While others may disagree, Anarchy Online will go down in history as one of the worst launches ever. On the very first day, many players had problems logging on or staying connected once they did get on. Gameplay was almost impossible in the beginning due to terrible lag. But the problems didn’t stop there. Many people had trouble subscribing to the game so they could play. What’s worse is these problems weren’t limited to just the first few days of the game. Many of these issues continued for a few weeks after launch. While the game made a bit of a comeback from this rough start, it definitely took a hit to its popularity from which it never fully recovered.
Everyone looks at World of Warcraft as the MMO that can do no wrong. However, that wasn’t always the case. Sure today they have millions of subscribers and each new MMO hopes to be the game that will finally topple this juggernaut, but in the beginning things were, shall we say, a little different. Blizzard failed to anticipate the popularity of this game and because of this they simply were not prepared for the massive influx of people. In the beginning, there were server and lag issues and very long queues. But those weren’t the only problems. There were quests that were bugged and animation glitches that would make the game completely unplayable. They did manage to recover rather quickly and went on to become the most popular MMO of all time.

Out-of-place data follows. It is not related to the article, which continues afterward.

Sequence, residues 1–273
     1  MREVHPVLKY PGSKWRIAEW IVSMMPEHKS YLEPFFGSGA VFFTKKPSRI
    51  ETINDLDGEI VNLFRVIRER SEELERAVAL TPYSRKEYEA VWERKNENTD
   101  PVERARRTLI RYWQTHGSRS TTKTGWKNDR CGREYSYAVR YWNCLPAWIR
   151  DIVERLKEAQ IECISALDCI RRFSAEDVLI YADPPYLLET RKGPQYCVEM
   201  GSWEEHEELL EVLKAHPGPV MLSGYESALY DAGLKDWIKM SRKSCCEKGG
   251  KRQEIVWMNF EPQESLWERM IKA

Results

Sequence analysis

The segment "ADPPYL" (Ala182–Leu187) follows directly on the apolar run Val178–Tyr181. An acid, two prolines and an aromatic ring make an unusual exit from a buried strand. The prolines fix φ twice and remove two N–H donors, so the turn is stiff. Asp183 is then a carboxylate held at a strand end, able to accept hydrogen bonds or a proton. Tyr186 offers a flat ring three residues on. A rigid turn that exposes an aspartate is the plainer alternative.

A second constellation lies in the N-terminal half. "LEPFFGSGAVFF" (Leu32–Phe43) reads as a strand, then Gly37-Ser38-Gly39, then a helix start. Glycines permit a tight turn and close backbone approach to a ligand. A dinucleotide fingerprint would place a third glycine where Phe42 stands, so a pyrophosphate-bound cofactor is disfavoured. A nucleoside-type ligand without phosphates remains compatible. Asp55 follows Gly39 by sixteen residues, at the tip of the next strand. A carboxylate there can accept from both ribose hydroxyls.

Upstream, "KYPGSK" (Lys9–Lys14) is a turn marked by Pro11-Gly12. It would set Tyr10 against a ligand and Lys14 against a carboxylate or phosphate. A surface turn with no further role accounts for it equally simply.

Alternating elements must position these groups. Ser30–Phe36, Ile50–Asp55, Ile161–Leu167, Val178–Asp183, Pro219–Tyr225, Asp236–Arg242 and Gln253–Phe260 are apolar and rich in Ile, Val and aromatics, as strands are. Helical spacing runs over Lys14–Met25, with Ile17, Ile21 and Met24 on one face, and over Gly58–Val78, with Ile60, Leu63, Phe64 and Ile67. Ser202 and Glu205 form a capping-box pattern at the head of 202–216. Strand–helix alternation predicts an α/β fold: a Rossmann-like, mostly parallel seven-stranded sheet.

Nothing says that your launch was complete failure than the company responsible telling its customers that they would not have to pay for the game. In addition to the usual connection issues, players were faced with a complete lack of content. Essentially, the game was just not finished. When the powers at be realized this, they told all their customers that the game would be free until it was properly ready for release. Essentially, Square Enix created a massive beta test because of their launch failure, and while they have recovered, they did take a noticeable hit to their reputation in the process.
4. Star Wars Galaxies
We can’t talk about launch failures without mentioning Sony. Star Wars Galaxies was, at one time, one of the most anticipated MMORPG’s, and video games for that matter, ever to be announced. However, when the game was released, their was a complete lack of content for gamers to enjoy outside of generic mission terminal missions that were uninteresting at best. On top of that, there were no mounts, vehicles or space travel for players either. This complete lack of content, bugged and incomplete professions and, of course, some server issues ultimately began its slow trek to its doom.
5. Vanguard: Saga of Heroes